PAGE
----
I think it’s fair to say that all of us, to one degree or another, operate under the illusion that we control our lives, and that our lives lend themselves to considerable predictability. Walking out on a beautiful Friday afternoon, all of my Shabbas preparations done, I believed I had everything under control. Instead, I found myself on a stretcher being rushed to the trauma center at Froedert Hospital. The myth of human control was shattered.
The myth of human control was shattered.
It brought to mind the anecdote of a shtetl Jew walking to shul early one morning with his Tallis bag under his arm. Unbeknownst to him, the king was on one of his jaunts through the streets of his domain disguised as a commoner, surveying and assessing the needs of his subjects. Seeing the Jew, he approached him and inquired where he was going with the curious package under his arm. The Jew replied that he really didn’t know. Puzzled, the king repeated the question several times, only to find that the Jew was adamant about the identity of his destination. Furious over what he viewed as deliberate obfuscation, the king ordered that the Jew be arrested and imprisoned.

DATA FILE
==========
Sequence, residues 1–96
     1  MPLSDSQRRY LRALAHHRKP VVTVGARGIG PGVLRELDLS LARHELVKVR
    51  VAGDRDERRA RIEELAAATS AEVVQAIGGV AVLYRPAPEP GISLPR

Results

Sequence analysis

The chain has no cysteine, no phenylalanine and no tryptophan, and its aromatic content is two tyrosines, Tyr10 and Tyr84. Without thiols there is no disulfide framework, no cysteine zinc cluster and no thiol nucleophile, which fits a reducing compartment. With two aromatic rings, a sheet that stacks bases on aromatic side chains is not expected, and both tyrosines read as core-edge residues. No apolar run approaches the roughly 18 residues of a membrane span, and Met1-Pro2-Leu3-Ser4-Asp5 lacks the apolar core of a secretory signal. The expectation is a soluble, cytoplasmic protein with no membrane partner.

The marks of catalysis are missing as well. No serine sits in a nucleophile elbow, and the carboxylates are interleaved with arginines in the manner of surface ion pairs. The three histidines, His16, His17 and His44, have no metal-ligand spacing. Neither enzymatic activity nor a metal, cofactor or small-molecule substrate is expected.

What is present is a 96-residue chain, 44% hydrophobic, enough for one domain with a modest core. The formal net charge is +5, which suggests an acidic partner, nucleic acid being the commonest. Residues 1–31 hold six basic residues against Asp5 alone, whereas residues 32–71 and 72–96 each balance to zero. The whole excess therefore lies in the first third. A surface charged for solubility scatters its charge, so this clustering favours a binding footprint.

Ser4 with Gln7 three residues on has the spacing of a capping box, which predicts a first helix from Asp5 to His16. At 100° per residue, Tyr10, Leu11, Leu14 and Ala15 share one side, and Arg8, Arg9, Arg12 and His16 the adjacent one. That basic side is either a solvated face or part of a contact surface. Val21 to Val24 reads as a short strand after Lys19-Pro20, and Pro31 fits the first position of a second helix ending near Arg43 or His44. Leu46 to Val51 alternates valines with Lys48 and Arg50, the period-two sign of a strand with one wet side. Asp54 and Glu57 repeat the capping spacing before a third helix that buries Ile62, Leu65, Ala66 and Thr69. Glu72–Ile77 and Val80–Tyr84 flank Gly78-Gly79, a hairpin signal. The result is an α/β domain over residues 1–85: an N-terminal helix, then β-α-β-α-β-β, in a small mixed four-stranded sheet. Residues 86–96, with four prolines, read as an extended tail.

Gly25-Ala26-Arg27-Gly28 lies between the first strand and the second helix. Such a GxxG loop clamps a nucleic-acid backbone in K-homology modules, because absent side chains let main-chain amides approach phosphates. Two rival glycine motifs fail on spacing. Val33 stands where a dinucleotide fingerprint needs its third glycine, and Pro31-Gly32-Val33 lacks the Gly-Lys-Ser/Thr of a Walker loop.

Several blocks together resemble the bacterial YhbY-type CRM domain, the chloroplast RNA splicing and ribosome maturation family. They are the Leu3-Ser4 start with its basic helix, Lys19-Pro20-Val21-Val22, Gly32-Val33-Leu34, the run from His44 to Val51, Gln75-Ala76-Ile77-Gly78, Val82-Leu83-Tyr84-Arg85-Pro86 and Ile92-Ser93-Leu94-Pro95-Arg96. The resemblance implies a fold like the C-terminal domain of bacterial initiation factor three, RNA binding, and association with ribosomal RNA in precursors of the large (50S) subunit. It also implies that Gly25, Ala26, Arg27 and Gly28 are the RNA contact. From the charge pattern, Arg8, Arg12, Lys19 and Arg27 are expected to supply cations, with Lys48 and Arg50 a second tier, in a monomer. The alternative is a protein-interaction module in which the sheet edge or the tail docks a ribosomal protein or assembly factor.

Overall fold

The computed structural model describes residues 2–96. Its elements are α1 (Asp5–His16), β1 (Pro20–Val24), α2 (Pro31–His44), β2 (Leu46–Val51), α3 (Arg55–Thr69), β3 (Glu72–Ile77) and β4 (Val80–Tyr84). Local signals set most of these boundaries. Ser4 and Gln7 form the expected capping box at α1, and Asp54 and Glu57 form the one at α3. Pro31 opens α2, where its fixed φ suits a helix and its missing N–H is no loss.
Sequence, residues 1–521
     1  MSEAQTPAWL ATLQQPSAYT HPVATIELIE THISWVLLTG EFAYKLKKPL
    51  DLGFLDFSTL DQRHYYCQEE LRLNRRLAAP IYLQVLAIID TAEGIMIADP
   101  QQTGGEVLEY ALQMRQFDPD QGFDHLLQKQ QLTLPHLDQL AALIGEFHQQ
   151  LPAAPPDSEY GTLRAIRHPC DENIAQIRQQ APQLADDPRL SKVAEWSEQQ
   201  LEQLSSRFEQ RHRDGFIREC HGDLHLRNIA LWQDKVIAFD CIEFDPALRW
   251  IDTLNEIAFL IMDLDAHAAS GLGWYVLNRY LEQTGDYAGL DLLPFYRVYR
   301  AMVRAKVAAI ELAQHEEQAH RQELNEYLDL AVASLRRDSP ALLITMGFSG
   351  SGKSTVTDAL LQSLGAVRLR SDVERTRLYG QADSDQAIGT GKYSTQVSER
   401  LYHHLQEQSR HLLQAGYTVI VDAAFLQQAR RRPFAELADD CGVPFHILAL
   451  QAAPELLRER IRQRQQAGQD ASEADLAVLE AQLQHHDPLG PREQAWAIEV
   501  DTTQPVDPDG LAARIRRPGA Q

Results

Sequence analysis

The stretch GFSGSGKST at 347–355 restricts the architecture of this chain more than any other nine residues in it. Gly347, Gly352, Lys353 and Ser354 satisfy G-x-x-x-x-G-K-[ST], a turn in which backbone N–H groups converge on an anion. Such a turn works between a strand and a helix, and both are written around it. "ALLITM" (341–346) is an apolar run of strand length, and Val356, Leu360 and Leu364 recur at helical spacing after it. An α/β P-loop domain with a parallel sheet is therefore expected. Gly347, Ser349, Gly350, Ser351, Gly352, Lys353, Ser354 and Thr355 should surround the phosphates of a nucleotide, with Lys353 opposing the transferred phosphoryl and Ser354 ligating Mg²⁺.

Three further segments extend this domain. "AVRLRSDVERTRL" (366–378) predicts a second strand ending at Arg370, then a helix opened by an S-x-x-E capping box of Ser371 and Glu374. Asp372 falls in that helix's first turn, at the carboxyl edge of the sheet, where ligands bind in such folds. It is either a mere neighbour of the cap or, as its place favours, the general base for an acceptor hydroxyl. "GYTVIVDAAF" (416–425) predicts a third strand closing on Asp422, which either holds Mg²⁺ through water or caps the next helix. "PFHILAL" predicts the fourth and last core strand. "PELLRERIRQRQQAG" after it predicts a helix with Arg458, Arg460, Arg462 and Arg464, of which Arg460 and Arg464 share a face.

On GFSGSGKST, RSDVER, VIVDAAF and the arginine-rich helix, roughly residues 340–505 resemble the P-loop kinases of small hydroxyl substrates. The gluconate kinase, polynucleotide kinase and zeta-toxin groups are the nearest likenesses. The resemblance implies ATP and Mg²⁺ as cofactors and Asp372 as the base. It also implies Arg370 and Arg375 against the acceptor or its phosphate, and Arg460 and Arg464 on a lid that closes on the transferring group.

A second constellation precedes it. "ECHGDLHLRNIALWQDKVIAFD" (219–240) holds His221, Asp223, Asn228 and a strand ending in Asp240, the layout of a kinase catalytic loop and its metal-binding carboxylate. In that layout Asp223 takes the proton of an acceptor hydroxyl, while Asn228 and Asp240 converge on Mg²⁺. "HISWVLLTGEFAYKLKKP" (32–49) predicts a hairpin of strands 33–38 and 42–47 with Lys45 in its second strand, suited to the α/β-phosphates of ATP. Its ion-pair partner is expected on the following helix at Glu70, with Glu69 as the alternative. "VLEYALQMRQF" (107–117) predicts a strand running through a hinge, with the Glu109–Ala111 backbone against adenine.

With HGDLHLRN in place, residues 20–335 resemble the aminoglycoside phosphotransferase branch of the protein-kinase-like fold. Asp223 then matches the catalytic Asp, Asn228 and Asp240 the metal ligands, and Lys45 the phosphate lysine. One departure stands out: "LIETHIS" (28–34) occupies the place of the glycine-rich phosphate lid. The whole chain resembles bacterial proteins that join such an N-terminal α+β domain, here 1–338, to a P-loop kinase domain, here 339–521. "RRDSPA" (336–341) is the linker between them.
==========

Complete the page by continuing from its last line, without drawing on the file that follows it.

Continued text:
The king later visited the prisoner, mystified by the illogical answer the Jew had given him. “Your Majesty,” the Jew said, “I knew where I planned to go, and that was to the synagogue to pray, but where I was going in actuality was something I could not know with certainty, because, as your Majesty can see, I ended up in jail instead.”